Taking a Walk on the Wiki Side
A pilot project by the University of British Columbia utilizing the online
environments known as “wikis” began modestly, but an enthusiastic
response across campus has rapidly increased the scope of its use. The radical
simplicity and versatility of wikis has encouraged individuals and groups to
develop novel uses for the technology, producing impressive results with minimal
resources. However, the very qualities that make wikis so successful as a grassroots-oriented
pilot can also create corresponding challenges as the project grow. It will
prompt difficult decisions about suitable use by the institution and users.
The term “wiki” (the Hawaiian word for “quick”) is
applied to many systems with wildly varying features. Any user can edit the
content of the page through a Web browser—authoring software, permissions,
or passwords are typically not required.
University of British Columbia’s pilot began on a small scale, with an
instance of the UseMod wiki system (http://www.usemod.com) installed to support
individual use and experimentation within the university’s Office of Learning
Technology. UseMod runs under UNIX or Win32 with either Apache or IIS, and the
code is in one Perl file with all configuration variables readily accessible.
Wiki adoption at the University of British Columbia has since grown spontaneously.
The quick access to the authoring interface and the simplified mark-up language
invites participation and experimentation by just about any user, and the resulting
spirit of adventure has resulted in a diverse array of applications:
- Jim Sibley of the Faculty of Applied Science Instructional Support at UBC,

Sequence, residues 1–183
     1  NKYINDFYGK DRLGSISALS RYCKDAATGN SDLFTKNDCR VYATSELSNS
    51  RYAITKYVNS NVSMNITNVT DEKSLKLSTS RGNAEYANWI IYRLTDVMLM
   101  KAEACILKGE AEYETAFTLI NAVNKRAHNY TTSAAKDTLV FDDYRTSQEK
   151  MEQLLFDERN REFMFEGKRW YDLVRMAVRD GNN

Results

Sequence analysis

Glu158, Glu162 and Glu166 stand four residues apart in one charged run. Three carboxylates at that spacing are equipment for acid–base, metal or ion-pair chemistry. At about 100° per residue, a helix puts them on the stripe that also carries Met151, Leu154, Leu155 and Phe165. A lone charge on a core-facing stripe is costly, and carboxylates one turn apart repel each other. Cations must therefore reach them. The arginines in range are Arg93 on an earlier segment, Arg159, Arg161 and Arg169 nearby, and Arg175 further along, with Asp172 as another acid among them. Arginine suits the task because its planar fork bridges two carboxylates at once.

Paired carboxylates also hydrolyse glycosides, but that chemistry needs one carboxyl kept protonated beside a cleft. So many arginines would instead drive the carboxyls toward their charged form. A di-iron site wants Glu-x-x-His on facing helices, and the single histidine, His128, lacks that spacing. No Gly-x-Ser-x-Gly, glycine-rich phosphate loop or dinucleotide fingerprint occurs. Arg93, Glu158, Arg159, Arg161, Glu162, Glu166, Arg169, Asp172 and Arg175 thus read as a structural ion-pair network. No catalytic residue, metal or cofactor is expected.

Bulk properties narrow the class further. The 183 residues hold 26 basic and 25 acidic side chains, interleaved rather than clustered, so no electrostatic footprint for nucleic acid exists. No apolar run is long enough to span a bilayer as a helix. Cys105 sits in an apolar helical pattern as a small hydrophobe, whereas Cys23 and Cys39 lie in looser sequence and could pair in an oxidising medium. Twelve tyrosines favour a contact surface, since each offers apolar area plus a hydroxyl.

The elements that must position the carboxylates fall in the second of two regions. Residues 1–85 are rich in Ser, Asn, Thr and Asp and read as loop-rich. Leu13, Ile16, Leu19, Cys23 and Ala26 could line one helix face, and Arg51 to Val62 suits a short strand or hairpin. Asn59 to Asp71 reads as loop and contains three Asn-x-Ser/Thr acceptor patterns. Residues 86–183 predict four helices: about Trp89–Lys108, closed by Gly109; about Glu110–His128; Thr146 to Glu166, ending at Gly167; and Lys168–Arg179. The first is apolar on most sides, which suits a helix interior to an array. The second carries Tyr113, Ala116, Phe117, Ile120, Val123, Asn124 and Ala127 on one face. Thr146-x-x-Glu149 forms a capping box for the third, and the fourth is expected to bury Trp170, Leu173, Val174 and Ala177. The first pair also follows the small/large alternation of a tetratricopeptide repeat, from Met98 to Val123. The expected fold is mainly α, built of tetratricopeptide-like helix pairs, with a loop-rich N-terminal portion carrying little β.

links wikis into its WebCT authoring environment so that course design teams
can quickly and collaboratively build reference lists, course outlines, brainstorm
instructional strategies, and complete systematic questionnaires.
- The Career Services unit is using wiki pages to prepare content for a major
site redevelopment presenting job postings and career education. Authoring
can proceed without waiting for the technical framework of the site to be
- Teresa Dobson, assistant professor of Education at the University of British
Columbia is using the wiki space in both her teaching and research. Her graduate
course on technologies for writing employs the wiki to support collaborative
experiments in composition, and as a prompt for reflection on the nature of
online writing and reading.
Pilot to a Enterprise Application
An enthusiastic response presents its own challenges as the technology becomes
more widely adopted. As users apply wikis more commonly in their practice, they
increasingly come to depend on them. A power failure on campus rendered many
Web servers inaccessible over a weekend. Though data was backed up and there
were no lost pages, students who had projects stored exclusively on their wikis
experienced considerable anxiety with deadlines looming.
Technical quirks of wiki systems, indicative of the often anarchic programming
communities that have developed them, also need to be considered. Different
wiki systems may store content in distinct ways—resulting in significant
programming challenges when migrating material from one system database to another.
As with any new technology, there’s bound to be growing pains as wiki
adoption grows in academic settings. But there is no denying that the simplicity
and flexibility of wiki environments offer tantalizing possibilities along with
the challenges. Just like the spaces they foster, the future for wikis is wide
Brian Lamb (firstname.lastname@example.org) is project coordinator at the Office of Learning
Technology, University of British Columbia.